(718) 522-2658

We have updated our services due to the current COVID-19 pandemic. Visit our COVID-19 AND SAFETY PAGE

Treating folks, like you, who move for a living and love to move


Author: Richard Symister

Getting Around NY City After ACL Surgery — Bianca’s Story

How did your newly repaired ACL affect the way you navigated through your house (stairs, commode, shower),

Moving around independently was very tough at first. I thankfully have an elevator in my building and was able to work from home so I didn’t have to commute in to work (there was no way I could get on a subway or do more than one small flight of stairs). Navigating stairs was definitely difficult at first but Richard gave me tips for going up and down stairs that I would follow. Using the commode was also difficult at first. You have to slowly lower yourself up and down with a crutch until you feel like you can get up and down without it. Showering was the worst because I have a tub and not a walk in shower. Think: you gotta get your leg over the ledge to get your full body in and that’s not happening without knee flexion. For the first month, I used a shower stool and left my injured leg out of the shower while I sat and bathed. My partner would help me get in and out. I would take a washcloth to the injured leg outside of the shower. I also got large body wipes (the ones used for camping) for times when I really didn’t have it in me to mentally get in the bath. It happens! About a month after PT, my partner would help me try to stand in the shower and get my injured leg bent enough to clear the tub when getting in and out of the tub. Don’t try this alone! There was no way I was able to do this without help until about month 3.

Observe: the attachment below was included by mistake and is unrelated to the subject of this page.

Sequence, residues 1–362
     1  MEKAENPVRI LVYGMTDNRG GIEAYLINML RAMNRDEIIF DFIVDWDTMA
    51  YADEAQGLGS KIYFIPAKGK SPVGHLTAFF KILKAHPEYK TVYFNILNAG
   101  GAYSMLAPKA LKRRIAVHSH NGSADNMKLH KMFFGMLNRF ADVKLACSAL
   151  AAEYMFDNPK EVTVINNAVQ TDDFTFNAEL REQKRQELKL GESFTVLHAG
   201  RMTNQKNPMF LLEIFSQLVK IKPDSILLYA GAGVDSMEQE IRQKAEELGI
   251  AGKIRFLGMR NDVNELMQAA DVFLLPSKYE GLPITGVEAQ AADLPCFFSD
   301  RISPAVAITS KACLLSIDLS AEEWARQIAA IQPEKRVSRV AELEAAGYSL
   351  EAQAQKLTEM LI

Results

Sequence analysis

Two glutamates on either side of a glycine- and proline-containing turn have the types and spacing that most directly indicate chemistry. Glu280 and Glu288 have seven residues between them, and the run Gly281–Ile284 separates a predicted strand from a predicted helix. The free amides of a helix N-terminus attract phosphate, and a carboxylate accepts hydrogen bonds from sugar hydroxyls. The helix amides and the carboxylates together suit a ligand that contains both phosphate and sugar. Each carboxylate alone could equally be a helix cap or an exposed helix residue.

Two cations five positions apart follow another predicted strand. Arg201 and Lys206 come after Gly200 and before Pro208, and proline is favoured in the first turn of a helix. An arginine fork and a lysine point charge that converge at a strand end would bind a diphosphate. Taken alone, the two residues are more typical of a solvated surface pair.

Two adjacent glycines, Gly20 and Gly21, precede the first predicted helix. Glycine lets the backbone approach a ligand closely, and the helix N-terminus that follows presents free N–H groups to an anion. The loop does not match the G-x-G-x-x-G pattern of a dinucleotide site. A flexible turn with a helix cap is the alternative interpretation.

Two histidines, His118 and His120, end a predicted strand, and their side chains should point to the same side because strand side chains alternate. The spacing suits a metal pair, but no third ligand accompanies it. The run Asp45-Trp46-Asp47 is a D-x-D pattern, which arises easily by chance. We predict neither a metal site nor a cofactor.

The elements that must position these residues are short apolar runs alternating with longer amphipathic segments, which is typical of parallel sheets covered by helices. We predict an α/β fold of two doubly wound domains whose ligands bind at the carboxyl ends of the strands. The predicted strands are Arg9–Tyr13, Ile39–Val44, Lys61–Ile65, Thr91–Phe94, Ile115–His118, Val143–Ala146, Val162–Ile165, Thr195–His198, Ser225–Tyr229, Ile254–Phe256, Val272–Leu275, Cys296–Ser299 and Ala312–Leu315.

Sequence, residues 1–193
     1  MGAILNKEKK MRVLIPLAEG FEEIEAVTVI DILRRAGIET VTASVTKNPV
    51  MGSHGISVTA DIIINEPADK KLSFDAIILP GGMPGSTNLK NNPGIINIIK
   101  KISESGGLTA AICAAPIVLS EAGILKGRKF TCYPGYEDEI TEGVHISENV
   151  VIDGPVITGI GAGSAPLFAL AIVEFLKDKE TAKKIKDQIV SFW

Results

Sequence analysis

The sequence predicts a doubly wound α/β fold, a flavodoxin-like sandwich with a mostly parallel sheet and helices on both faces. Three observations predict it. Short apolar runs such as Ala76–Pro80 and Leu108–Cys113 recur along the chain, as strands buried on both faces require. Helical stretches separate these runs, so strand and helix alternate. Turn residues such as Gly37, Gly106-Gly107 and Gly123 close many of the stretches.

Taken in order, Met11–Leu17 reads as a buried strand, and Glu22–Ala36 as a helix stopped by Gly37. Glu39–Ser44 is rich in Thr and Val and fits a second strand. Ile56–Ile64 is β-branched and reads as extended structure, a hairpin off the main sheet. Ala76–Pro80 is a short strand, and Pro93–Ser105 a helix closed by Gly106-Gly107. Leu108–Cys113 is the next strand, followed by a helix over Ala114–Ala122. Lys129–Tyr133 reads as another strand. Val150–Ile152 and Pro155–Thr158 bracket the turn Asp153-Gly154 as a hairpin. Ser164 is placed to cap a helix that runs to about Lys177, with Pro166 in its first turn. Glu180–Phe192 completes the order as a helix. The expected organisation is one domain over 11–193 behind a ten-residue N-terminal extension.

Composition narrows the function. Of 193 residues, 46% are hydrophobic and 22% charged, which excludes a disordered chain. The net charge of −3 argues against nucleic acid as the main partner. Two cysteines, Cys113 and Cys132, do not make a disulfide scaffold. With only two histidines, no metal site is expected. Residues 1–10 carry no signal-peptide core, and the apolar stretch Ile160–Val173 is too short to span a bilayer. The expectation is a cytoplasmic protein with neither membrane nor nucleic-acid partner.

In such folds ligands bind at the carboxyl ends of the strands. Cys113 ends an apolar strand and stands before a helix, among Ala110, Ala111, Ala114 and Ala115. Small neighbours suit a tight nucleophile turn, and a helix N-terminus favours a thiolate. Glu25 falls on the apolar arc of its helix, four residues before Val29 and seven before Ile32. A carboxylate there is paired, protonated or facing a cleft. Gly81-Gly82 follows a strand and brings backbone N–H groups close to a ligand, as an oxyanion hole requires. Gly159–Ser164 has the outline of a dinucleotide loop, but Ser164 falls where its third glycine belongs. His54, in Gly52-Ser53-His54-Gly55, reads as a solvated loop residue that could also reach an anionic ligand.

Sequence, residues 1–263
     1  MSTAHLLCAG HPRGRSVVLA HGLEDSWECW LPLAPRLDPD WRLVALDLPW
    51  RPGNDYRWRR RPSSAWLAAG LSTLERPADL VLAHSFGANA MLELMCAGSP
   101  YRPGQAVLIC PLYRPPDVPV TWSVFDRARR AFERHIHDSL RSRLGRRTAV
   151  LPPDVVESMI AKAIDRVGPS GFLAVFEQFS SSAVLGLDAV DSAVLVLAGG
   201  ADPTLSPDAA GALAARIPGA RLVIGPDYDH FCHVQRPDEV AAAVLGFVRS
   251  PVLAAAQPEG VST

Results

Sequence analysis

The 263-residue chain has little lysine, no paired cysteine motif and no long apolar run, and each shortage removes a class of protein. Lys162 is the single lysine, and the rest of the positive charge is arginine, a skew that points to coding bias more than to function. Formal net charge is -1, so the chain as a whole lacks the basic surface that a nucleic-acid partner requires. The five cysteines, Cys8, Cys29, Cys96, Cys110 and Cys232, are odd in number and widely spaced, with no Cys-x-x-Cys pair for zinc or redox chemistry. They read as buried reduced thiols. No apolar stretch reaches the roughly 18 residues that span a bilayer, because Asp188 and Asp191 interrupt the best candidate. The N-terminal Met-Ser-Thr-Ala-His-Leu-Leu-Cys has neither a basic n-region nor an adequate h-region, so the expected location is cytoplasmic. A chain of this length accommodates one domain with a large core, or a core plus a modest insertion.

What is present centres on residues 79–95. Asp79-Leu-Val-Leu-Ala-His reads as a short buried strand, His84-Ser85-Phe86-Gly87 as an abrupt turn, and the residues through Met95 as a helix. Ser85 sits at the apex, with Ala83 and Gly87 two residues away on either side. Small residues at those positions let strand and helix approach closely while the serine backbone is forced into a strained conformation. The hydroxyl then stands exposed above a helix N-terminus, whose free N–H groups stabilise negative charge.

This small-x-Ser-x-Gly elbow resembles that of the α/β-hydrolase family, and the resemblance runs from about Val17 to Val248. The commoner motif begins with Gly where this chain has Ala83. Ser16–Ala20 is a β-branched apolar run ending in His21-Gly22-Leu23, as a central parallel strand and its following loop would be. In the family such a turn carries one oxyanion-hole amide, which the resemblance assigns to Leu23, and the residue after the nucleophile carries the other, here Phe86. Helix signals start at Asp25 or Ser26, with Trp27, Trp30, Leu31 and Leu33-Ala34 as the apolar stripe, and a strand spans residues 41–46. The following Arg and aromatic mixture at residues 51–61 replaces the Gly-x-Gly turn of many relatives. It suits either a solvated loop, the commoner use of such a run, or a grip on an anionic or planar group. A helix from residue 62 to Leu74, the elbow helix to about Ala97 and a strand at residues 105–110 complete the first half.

How did your newly repaired ACL affect the way you navigated New York city (commuting, stairs, using cab vs train, trying to get a seat)

I was told not to take the subway because of all the stairs and the people who could knock into me and make my injury worse. The few times I went into work, went to an appointment or left the house for another reason I would take a car. I didn’t take the subway until after my surgery and that was once my brace was unlocked and I had some strength back. But even then, I was sure to have my huge brace on and a crutch so that everyone was aware that I was injured. Don’t expect people on the subway to get up for you because of your brace, I would have to ask to sit down sometimes.  

How did your newly repaired ACL effect all other activities of daily living (hanging out with friends, showering, movies, etc.

I didn’t leave my apartment much in the first month. Friends and family would come visit me, which was great. At about month 2, I felt more comfortable occasionally going to a friend’s home, but would never put myself “in negative play” at a place that was crowded or may have slippery floors. 

Heal. Move. Evolve.